By James M. Woods
“In a masterful survey of analysis on Catholicism within the South, Woods has performed for that sector what James Hennesey did for the Catholic Church within the usa in American Catholics.”—Gerald P. Fogarty, college of Virginia
“This is a e-book now we have lengthy wanted. during the last 4 many years the heritage of the evangelical culture within the South has been came upon and lots more and plenty written approximately, however the Catholic measurement of southern spiritual heritage has lagged at the back of within the historiography. ultimately here's a synthesis of virtually 3 centuries of the Catholic Church within the region.”—John B. Boles, Rice University
No Christian denomination has had an extended or extra different life within the American South than the Catholic Church. The Spanish missions validated in Florida and Texas promoted Catholicism. Catholicism was once the dominant faith one of the French who settled in Louisiana. sooner than the inflow of Irish immigrants within the 1840s, such a lot American Catholics lived south of the Mason-Dixon line. Anti-Catholic prejudice was once by no means as robust within the South as within the North or Midwest and was once infrequent within the area ahead of the 20 th century.
James Woods’s sweeping historical past stretches from the 1st ecu cost of the continent throughout the finish of the Spanish-American battle. The ebook is split into 3 specific sections: the colonial period, the early Republic throughout the annexation of Texas in 1845, and the stormy latter half the 19th century. Woods will pay specific consciousness to church/state family members, challenge paintings and non secular orders, the church and slavery, immigration to the South, and the adventure of Catholicism in a mostly Protestant area. He additionally highlights the contributions and careers of definite very important southern Catholics, either clerical and lay, and considers how the varied Catholic ethnic and racial teams have expressed their faith—and their citizenship—through the centuries.
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Extra info for A History of the Catholic Church in the American South, 1513-1900
Moving along the Louisiana and Texas Gulf coasts, he finally landed at the mouth of a river he named Rio de las Palmas (River of the Palms). Earlier scholars had once believed this river to be the Rio Grande, yet now it is believed to be the Rio Panuco in northeastern Mexico. Pineda stayed there for forty days before continuing along the Mexican coastline. 11 One of the first Europeans to set foot in Texas was Álvar Núñez Cabeza de Vaca (1490–1556), an important survivor of an expedition of some 250 men that had begun in early 1528 near present-day Tampa.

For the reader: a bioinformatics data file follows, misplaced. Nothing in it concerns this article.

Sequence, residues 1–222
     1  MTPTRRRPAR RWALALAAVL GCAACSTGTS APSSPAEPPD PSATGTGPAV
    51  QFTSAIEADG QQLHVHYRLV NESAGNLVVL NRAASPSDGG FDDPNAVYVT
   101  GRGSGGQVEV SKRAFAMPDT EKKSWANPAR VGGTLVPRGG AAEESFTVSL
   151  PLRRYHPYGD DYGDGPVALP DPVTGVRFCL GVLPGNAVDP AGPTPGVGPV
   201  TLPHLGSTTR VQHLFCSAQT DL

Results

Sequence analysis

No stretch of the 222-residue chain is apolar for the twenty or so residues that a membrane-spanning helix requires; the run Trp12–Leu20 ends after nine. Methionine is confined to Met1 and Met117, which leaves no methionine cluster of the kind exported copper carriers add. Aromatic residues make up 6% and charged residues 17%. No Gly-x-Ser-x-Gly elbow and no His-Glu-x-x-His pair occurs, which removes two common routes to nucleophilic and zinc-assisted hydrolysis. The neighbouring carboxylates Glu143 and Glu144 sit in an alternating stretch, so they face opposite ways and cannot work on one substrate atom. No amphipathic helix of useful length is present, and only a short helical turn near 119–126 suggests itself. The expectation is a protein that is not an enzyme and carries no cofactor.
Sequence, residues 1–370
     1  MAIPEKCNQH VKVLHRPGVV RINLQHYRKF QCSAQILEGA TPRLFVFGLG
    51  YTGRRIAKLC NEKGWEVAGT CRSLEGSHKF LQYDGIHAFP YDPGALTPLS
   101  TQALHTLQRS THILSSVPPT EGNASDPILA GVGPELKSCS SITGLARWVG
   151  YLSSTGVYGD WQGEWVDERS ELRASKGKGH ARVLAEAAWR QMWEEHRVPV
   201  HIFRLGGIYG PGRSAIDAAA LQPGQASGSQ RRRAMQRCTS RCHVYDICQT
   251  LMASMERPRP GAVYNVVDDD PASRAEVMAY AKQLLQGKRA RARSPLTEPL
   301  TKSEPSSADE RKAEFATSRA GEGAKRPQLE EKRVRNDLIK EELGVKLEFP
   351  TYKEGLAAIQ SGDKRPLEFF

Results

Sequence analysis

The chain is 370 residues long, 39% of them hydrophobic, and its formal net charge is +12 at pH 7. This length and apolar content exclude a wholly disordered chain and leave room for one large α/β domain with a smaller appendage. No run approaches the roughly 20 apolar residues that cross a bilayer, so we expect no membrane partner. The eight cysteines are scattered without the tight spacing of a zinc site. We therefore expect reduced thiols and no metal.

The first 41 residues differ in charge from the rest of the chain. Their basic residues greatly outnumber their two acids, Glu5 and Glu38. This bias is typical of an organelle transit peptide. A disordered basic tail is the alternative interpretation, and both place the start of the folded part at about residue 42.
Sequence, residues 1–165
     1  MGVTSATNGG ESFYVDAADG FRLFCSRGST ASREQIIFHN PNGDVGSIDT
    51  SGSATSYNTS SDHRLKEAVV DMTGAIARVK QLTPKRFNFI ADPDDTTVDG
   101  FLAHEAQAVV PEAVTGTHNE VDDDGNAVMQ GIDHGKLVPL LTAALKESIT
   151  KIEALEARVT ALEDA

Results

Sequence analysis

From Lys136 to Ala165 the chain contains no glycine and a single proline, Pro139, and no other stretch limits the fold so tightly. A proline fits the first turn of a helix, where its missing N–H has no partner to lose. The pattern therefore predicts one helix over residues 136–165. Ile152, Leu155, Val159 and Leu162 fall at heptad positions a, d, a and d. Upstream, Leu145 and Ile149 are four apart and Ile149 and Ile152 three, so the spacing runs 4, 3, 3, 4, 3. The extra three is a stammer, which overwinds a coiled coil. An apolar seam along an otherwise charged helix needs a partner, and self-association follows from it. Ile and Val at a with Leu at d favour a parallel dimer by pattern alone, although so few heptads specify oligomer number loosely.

At that village on September 16, Fray Bias Rodríguez was bluntly told that the Indians intended to kill him. Rodríguez only asked to be allowed to say Mass, which the Indians permitted as they sat on the chapel floor. After distributing some of his belongings to various Indians, he knelt down and was killed. 41 The next day, the rebels on St. Catherine’s Island asked the chief to murder the friar working there; when the Indian leader refused, they murdered Fray Miguel de Añon anyway. 42 The fifth Franciscan to be martyred was Fray Francisco Veráscola y Sáez de Castañiza at the mission on the northern end of St.
64 Yet adaptation had its limits. For example, Franciscans attempted to suppress overtly pagan beliefs and practices they associated with witchcraft or the devil. The friars had a difficult time ending polygamy among the tribal chiefs, as having more than one wife was considered a perk of being a cacique. Fr. , the earliest historian of Spanish Florida, quoted a missionary as saying that when a particular chief left his lady for his wife’s sister, the friar attempted, unsuccessfully, to have him return to his original spouse.
A History of the Catholic Church in the American South, 1513-1900 by James M. Woods